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Text and photos by Nick Baker, unless credited to others.
Copyright ゥ Ecology Asia 2024







Variable Reed Snake

Fig 1

Fig 2

Fig 3

Species : Calamaria lumbricoidea
Maximum Size : 65 cm

The Variable Reed Snake occurs in primary or mature secondary forest in lowland to submontane areas, up to at least 1500 metres elevation.

Like most reed snakes, it spends much of its time burrowing under leaf litter on the forest floor. It may occasionally be encountered at surface, either after heavy rain, or when traversing  forested roads, or when in search of prey. It feeds on soft-bodied invertebrates, particularly earthworms (see Figs. 6 and 7), but reportedly may also take small frogs or lizards.

The species appears to be both nocturnal and diurnal.

The dorsal surface of adults is dark brown to black, with a bluish or purplish sheen under strong light. The ventral surface is yellow or white, generally with black banding.

Juveniles are dark above and pale below, with a pinkish-red head, and typically have thin pale bands across the back. Like adults, the underside is banded. Juveniles may be confused with the Pink-headed Reed Snake Calamaria schlegeli, however the latter lacks bands on the belly.

As befits a burrowing mode of life, the body is cylindrical in cross-section, the head is no wider than the body, and the eyes are small.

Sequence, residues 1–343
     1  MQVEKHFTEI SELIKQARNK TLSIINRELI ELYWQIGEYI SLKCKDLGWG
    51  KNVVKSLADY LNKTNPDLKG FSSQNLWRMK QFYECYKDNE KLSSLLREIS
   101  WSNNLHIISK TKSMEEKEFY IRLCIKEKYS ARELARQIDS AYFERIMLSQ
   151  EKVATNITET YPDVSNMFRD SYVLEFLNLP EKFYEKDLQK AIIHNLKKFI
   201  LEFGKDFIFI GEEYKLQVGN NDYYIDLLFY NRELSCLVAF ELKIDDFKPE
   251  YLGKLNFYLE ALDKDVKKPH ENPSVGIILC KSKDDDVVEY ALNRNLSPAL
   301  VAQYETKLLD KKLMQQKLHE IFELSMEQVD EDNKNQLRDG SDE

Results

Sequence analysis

The Variable Reed Snake ranges from southern Thailand, Peninsular Malaysia and Singapore to  Borneo, Sumatra, Java and parts of the Philippines.

Fig 1 : Typical specimen (length 30 cm) from Fraser's Hill, Peninsular Malaysia (elevation 900 metres).

Figs 2 and 3 : Another specimen from Fraser's Hill with bluish iridescence.

Fig 4 : Juvenile from Gunung Lambak, Peninsular Malaysia. The ventral surface was creamy yellow with black bands. Photo thanks to Koh Soon Yap.

Figs 5 : Juvenile, measuring around 12 cm, from Singapore's central forests, with typical red head and narrow bars on its body. Photo thanks to Linda Rance.

Figs 6 and 7 : A 25 cm specimen from Singapore, on a road passing through lowland forest, consuming a large earthworm.

Fig 8 : Typically the underside is pale with dark bands.

References : H3, H10, H12



Fig 4
ゥ  Koh Soon Yap
Fig 5
ゥ  Linda Rance

Fig 6

Fig 7

Fig 8